Been saving up some bits for quite some time -- hoping I could do more in depth commentary, if there were but world enough and time. Well, I'm done hording -- here's the links, make of them what you will!
- The Jewish Theological Seminary has a fine site that gives a view of Passover through Archaeology and Ancient Documents. Browse through this gallery of Archeological finds related to passover (such as the Meremtah stele -- the first extra-biblical mention of the Hebrews in the ancient world) and ancient and modern Jewish rites for passover. Very interesting.
- The great PBS show American Experience aired a one hour documentary on Aimee M'Pherson, the pioneering media evangelist from the early half of the 20th century. In it we learn that showbiz, spectacle, and "reclaiming America for Christ" are nothing new. We also get a sypathetic portrait of a Christian leader who was intentional about racial reconcilaition. "Aimee was equal parts evangelist, movie star and social activist," says film producer Linda Garmon. "She offered a brand of old time religion that people could connect with at a time when Americans were craving something to hold onto." See the PBS Webpage for the show for more information (the nice thing about the webpage is that they cross reference other shows that they have done on contemporary events and themes -- you can get a holistic picture of the time).
- Beau Weston at the Gruntled Center has been on a roll. Check out this post defending the practice of parents intentionally scheduling their childrens' time: "As I reflect on the difference between my early adolescence and my son's, though, some crucial differences emerge. Sure, I watched lots of stupid cartoons. But there were not enough TV options, and no computer options, to keep me from reading or playing outside all the time. My son, on the other hand, could play "World of Warcraft" 24/7. That is, in fact, his plan for the summer. If we choose no structure at all for his time, the choice will be made for us by the "new media.""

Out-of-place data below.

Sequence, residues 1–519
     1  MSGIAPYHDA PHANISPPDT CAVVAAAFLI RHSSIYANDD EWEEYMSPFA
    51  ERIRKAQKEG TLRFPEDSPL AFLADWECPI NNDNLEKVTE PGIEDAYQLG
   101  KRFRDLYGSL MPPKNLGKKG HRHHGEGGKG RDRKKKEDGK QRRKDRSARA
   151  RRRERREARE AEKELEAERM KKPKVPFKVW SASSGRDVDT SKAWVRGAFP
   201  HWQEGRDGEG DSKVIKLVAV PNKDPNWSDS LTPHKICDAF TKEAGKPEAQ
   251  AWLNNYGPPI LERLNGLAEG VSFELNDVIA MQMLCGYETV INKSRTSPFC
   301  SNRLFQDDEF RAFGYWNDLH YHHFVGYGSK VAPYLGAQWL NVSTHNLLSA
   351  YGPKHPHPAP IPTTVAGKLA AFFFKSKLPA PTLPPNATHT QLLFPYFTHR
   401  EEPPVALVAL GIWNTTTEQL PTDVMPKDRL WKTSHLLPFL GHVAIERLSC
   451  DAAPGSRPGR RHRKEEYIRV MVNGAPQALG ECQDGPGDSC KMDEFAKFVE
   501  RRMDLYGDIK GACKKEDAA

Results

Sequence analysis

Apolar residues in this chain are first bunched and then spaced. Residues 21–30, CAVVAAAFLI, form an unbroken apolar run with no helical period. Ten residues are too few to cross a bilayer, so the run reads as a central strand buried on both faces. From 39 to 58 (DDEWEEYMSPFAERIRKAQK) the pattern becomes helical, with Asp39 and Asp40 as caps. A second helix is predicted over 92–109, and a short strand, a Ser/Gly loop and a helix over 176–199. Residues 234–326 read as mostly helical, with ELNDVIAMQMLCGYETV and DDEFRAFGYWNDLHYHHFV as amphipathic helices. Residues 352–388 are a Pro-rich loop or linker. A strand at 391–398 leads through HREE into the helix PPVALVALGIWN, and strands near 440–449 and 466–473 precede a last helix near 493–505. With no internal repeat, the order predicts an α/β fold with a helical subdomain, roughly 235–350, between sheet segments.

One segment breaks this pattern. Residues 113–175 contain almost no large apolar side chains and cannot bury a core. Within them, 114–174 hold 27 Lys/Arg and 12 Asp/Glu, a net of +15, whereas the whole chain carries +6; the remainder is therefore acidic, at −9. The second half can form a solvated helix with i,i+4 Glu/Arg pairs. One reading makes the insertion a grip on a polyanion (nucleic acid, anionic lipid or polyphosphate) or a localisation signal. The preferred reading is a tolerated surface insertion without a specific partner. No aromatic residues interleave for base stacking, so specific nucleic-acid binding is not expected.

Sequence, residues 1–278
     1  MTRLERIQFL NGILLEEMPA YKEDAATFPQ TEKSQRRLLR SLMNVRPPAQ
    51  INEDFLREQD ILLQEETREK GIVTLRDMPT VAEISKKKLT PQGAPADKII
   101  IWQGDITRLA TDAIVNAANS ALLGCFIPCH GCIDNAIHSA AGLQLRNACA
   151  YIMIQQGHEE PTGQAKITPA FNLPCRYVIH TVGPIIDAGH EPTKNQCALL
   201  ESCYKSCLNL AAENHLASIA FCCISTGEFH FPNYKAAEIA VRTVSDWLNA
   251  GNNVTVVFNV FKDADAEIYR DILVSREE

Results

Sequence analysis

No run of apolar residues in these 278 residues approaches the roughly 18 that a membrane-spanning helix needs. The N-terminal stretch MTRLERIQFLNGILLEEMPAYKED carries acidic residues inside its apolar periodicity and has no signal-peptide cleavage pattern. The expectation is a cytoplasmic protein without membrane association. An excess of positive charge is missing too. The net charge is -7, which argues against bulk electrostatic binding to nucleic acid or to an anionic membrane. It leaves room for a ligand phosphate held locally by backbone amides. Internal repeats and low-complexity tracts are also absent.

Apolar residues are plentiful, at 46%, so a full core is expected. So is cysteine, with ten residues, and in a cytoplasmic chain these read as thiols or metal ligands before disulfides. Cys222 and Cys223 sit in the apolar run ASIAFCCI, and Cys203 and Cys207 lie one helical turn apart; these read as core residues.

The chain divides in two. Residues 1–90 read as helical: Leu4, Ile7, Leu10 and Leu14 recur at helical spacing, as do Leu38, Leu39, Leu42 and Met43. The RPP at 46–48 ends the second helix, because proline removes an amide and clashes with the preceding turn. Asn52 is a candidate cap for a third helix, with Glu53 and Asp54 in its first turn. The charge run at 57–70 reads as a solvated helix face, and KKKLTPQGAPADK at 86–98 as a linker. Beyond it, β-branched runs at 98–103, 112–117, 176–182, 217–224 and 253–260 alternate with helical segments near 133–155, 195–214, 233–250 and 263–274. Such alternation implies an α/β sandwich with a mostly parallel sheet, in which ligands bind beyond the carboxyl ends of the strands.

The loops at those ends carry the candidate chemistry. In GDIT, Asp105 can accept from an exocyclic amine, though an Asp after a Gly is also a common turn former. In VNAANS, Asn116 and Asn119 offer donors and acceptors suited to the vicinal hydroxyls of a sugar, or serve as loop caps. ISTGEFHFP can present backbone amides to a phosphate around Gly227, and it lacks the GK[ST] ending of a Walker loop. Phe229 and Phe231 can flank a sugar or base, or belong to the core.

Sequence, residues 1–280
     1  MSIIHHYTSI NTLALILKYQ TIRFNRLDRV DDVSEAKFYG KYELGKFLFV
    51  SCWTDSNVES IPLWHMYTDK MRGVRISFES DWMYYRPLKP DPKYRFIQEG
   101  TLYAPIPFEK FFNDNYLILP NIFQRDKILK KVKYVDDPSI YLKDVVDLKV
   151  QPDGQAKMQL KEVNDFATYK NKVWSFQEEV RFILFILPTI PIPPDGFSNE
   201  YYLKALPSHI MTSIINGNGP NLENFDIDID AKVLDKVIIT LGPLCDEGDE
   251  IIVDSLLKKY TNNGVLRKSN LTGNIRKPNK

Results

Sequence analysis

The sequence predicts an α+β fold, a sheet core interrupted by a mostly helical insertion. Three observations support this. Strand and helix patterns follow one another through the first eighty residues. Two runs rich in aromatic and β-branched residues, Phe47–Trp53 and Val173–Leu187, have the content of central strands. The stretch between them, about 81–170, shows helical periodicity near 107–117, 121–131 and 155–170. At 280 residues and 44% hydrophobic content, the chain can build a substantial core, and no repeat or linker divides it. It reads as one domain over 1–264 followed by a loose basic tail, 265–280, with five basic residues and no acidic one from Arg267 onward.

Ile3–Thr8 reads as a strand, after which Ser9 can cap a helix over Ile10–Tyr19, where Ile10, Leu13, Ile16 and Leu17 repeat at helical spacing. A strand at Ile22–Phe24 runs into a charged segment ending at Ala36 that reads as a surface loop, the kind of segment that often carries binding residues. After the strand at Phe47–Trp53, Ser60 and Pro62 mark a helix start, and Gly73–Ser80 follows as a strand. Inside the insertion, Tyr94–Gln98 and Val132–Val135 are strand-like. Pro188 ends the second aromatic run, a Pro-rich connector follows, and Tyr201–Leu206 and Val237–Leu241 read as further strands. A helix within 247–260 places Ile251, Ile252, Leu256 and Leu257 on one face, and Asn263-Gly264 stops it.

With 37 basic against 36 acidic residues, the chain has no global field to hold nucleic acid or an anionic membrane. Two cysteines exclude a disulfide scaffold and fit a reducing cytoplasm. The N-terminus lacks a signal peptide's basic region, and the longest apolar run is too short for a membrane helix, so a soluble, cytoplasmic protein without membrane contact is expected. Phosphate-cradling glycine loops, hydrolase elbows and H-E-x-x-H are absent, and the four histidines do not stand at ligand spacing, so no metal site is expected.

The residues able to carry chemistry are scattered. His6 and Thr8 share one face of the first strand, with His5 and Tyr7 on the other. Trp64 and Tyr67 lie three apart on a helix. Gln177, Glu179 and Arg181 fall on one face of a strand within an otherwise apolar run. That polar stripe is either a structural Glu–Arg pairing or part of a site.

- Or this post of Beau's which has had me thinking for days about how much I interact with my children: "Betty Hart and Todd Risley have been studying language development in infants and toddlers for a quarter century. They have been doing this not simply for academic reasons, but to find the real causes of the advantage that higher class kids have over poor kids. Their main finding is that, in general, the higher the class of the family, the more they talk to their babies. And their amount of talk– not their social class or income or race -- predicted their children’s intellectual accomplishments." (see the article he references here -- it's worth a skim for more detail).
- Meanwhile Gary Sweeten has a winner of a post talking about the church as a "social glue" that helps hold culture together. "Involvement in communities of faith among all goers collectively is strongly associated with giving and volunteering. Indeed, involvement in religious community is among the strongest predictors of giving and volunteering for religious causes as well as for secular ones. Religious communities embody one of the most important sources of social capital and concern for community in America. Religious people are great at "doing for others."Moreover, religious involvement is positively associated with most other forms of civic involvement. Holding other factors constant, religiously engaged people are more likely than religiously disengaged people to be involved in civic groups of all sorts, to vote more, to be more active in community affairs, to give blood, to trust other people (from shopkeepers to neighbors), to know the names of public officials, to socialize with friends and neighbors, and even simply to have a wider circle of friends. "
- Seth Godin tells you why you should write an e-book -- and how to go about doing it.